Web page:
The crowd guffawed

The New York Times has a long piece about the tech industry and women.

Elissa Shevinsky can pinpoint the moment when she felt that she no longer belonged.

She was at a friend’s house last Sept. 8, watching the live stream of the TechCrunch Disrupt hackathon on her laptop and iPhone. Entrepreneurs were showing off their products, and two young Australian men, David Boulton and Jethro Batts, stood behind the podium to give their presentation. “Titstare is an app where you take photos of yourself staring at tits,” Mr. Boulton began, as photographs of women’s chests on a cellphone flashed on the screen behind him.

After some banter, Mr. Batts concluded, “This is the breast hack ever.”

The crowd — overwhelmingly young, white, hoodie-wearing men — guffawed. Something in Ms. Shevinsky’s mind clicked. If ever there was proof that the tech industry needed more women, she thought, this was it.

Ms. Shevinsky, 35, wasn’t the only one who was disgusted by the presentation. Twitter lit up with outrage. She joined in, writing a blog-post manifesto: “I thought that we didn’t need more women in tech. I was wrong.”

Hunnnnnh. Honestly. Is it too much to ask that men not talk about women the way a ravenous bear would talk about a freshly killed goat if bears could talk?

Tech executives often fault schools, parents or society in general for failing to encourage girls to pursue computer science. But something else is at play in the industry: Among the women who join the field, 56 percent leave by midcareer, a startling attrition rate that is double that for men, according to research from the Harvard Business School.

A culprit, many people in the field say, is a sexist, alpha-male culture that can make women and other people who don’t fit the mold feel unwelcome, demeaned or even endangered.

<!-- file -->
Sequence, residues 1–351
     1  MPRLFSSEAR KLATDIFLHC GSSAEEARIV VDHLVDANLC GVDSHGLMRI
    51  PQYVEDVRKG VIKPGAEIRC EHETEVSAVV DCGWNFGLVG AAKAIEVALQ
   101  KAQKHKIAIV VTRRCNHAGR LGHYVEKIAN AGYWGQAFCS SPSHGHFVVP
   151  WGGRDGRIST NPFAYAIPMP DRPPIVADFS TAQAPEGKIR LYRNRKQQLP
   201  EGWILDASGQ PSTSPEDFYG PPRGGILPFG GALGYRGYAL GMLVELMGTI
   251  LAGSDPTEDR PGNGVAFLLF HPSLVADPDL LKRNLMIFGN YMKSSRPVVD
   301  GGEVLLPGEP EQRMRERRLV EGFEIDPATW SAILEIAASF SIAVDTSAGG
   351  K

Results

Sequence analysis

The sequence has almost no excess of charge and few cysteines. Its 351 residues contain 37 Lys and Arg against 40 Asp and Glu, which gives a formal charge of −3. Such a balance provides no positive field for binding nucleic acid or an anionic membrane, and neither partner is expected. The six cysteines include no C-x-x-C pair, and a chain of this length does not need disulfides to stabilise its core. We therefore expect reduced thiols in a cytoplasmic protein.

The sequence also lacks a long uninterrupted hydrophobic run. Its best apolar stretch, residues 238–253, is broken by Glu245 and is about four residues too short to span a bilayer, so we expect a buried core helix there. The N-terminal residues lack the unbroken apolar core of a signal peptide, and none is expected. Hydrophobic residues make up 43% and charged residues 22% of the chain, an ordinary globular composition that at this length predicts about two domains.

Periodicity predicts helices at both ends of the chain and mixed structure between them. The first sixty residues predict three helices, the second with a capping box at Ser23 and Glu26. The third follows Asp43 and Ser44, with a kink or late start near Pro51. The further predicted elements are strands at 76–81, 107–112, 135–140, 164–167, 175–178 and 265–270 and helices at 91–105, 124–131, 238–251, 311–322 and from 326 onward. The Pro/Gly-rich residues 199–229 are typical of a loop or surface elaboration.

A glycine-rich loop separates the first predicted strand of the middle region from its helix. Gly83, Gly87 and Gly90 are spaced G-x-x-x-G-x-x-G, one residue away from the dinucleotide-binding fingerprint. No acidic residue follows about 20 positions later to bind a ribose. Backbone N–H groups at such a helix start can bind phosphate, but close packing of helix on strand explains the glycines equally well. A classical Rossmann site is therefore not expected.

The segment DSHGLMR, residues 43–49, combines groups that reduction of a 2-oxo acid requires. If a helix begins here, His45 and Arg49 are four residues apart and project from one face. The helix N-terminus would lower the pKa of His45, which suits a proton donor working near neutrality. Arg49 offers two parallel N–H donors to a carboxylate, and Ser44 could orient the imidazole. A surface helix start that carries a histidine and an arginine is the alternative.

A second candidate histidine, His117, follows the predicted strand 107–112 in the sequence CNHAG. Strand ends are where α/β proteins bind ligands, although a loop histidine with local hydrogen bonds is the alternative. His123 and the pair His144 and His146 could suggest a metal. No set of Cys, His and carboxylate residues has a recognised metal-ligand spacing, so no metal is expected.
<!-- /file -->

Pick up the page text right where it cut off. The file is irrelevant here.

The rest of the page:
“It’s a thousand tiny paper cuts,” is how Ashe Dryden, a programmer who now consults on increasing diversity in technology, described working in tech. “I’ve been a programmer for 13 years, and I’ve always been one of the only women and queer people in the room. I’ve been harassed, I’ve had people make suggestive comments to me, I’ve had people basically dismiss my expertise. I’ve gotten rape and death threats just for speaking out about this stuff.”

And that’s a problem?

Yes. It is.

Ms. Shevinsky’s epiphany, however, wasn’t just about Mr. Dickinson or a couple of engineers. It was about computer-engineering culture and her relationship with it. She had enjoyed being “one of the bros” — throwing back whiskey and rubbing shoulders with M.I.T. graduates. And if that sometimes meant fake-laughing as her colleagues cracked jokes about porn, so be it.

“For years, all I wanted to do was work and code and make software,” she said in an interview. “That’s why I didn’t care about feminism. I just wanted to build stuff.”

“But Titstare showed me that was no longer a viable option,” she said. “We had to address our culture, because something was really not working.”